Baroness Stowell, the chair of the Charity Commission, has criticised the charities she regulates, saying they aren’t meeting public expectations and are not behaving properly.
Speaking to the Today programme on BBC Radio 4, Stowell told interviewer Justin Webb that charities have “the potential to do a whole lot better”.
She said that the sector has forgotten that “charity is about how you behave not just what we’re trying to achieve”.
“The sector has to face up to a big challenge,” she said. “Charities aren’t always meeting the public’s expectations. What I’m calling on charities to do is to recognise their collective responsibility to respond to public expectations, because if they don’t, they aren’t going to provide the benefit the public wants.
“All charities, not just the big ones, have to recognise that they have to demonstrate charitable behaviour and charitable attitude.
“My main requirement right now is for charities themselves to recognise that they have a responsibility in making this change. It can’t all be down to the regulator, it can’t all be down to somebody else, it’s got to be charities themselves.”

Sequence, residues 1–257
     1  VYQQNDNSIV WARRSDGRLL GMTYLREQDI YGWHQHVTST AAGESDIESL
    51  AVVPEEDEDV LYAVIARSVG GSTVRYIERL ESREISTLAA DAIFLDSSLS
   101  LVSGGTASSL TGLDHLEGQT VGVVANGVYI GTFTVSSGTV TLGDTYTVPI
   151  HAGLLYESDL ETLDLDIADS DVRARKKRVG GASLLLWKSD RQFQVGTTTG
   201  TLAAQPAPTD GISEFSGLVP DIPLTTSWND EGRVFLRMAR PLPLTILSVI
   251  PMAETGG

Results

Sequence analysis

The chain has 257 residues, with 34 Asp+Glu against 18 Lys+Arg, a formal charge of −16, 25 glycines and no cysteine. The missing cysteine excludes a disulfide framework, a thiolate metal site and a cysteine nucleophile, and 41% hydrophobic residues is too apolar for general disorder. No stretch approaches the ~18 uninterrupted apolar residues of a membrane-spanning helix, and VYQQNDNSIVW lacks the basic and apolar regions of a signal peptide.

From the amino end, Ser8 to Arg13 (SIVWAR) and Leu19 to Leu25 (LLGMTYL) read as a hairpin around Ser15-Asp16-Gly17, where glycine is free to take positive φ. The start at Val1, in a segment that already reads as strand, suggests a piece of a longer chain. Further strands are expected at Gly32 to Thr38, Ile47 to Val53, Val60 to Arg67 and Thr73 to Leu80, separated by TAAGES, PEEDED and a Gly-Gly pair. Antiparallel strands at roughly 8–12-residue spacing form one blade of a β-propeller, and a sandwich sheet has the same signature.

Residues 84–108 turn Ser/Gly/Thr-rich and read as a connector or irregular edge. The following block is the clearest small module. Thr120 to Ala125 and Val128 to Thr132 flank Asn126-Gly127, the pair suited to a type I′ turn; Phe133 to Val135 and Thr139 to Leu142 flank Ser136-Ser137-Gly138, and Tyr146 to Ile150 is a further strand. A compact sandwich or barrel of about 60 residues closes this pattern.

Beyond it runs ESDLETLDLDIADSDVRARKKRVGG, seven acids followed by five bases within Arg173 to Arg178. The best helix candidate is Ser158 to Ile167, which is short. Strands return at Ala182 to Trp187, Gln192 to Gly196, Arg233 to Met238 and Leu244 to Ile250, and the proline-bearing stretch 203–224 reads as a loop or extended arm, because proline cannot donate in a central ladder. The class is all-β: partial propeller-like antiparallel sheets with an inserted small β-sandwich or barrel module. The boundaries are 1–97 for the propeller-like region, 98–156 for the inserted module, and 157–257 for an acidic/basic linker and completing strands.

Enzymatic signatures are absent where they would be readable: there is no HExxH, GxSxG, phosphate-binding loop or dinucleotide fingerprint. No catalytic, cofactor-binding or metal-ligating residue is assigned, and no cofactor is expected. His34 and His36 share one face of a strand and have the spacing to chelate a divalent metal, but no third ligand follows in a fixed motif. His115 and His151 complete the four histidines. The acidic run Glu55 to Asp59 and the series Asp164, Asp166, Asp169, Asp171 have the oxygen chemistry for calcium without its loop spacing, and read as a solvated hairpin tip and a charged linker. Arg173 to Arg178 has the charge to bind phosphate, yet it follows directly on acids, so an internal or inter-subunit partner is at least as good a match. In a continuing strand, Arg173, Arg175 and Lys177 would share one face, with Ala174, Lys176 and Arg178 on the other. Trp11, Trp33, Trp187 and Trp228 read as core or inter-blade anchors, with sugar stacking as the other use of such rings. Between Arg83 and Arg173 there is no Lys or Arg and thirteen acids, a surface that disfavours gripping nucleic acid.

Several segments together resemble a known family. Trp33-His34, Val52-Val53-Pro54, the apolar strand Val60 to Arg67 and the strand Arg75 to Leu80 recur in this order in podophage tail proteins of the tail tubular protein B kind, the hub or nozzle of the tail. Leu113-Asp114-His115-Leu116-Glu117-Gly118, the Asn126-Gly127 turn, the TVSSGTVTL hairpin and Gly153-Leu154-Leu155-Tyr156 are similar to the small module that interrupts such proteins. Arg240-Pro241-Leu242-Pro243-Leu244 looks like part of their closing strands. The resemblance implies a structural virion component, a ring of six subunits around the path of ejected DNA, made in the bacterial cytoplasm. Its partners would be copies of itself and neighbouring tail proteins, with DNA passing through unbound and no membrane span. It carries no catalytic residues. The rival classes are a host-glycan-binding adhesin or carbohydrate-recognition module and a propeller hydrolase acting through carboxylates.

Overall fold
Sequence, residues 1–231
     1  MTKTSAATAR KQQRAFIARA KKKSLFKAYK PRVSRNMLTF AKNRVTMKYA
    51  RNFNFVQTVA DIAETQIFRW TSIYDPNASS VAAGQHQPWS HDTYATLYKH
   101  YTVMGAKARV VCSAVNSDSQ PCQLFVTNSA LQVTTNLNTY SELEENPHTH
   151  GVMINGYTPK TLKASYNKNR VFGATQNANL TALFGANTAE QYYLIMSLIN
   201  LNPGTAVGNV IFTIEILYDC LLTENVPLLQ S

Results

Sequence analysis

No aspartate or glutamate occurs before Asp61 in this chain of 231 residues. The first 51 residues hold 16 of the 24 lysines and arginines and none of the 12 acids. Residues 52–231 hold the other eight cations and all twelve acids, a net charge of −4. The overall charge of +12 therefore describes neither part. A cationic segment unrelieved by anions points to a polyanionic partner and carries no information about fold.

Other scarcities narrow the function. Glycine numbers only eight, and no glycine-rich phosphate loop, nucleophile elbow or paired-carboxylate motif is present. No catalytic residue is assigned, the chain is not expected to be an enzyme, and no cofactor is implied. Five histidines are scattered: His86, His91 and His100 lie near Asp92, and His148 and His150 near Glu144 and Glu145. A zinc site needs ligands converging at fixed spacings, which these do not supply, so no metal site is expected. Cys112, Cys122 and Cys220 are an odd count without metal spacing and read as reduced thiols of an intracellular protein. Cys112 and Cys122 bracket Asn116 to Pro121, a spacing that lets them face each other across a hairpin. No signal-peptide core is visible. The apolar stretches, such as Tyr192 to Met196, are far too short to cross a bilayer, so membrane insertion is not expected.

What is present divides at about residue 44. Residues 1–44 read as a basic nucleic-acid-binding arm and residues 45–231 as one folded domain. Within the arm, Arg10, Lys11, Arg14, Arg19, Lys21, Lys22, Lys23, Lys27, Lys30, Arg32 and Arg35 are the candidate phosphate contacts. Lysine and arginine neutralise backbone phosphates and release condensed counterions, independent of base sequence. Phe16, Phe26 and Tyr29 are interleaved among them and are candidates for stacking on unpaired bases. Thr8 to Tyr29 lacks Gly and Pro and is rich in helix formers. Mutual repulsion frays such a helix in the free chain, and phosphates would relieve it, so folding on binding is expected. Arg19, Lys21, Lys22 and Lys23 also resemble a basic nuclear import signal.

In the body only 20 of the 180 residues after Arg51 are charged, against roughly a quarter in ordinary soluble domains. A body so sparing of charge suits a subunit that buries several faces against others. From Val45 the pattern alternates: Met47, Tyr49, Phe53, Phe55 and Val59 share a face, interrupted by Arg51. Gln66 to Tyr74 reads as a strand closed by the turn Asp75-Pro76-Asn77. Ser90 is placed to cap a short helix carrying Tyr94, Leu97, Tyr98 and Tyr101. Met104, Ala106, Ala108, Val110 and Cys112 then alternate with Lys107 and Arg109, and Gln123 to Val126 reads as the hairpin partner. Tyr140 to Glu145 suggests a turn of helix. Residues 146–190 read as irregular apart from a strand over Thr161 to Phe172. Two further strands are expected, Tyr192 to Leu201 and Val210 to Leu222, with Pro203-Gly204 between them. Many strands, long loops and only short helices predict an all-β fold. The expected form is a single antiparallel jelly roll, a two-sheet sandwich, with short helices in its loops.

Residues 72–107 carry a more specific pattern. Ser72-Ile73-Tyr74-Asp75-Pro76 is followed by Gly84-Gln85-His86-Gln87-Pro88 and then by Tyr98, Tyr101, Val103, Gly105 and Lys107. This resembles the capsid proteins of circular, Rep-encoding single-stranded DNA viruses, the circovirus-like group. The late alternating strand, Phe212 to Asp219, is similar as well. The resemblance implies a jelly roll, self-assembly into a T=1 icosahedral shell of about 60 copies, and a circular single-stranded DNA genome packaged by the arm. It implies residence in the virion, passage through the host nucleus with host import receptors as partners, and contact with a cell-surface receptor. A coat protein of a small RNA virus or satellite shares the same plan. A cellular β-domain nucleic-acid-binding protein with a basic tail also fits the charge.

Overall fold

In response to a question about whether charities trusted her, she made it clear that she saw herself as on the side of the public, and that this was not always going to be in charity’s interest.
“It’s my job to represent the public interest to charities, not to represent charities to the public,” she said.
The speech itself was part of the launch of the Commission’s new statement of strategic intent, which indicates that the Commission will take a more proactive and critical role, and highlights bold ambitions which the document insists cannot be met with the current level of resourcing.
Reaction to Stowell’s comments and to the new statement have been mixed. Some charity leaders have backed her assessment that the sector needs to become more ethical in its behaviours, but others have questioned whether she is over-generalising, and going beyond the brief of the Commission, which is focused on compliance with the law rather than ethics.
Gross misrepresentation of many of us and out charities who work hard in our sector to be clear, ethical, honest and socially responsible. As well as helpful, supportive companions to those with while we work. Sort the offenders out don’t attack all of us!— Karenza Passmore (@Karenza_RRC) October 5, 2018
I think we can agree the charities you mentioned live out their values. But we’ve all been tarnished by the big few and I regularly meet charities with a disconnect between governance & executive. I’ve also had to work with many on vision, mission and values due to mission drift.— David James McAuley (@DavidMcAuley) October 6, 2018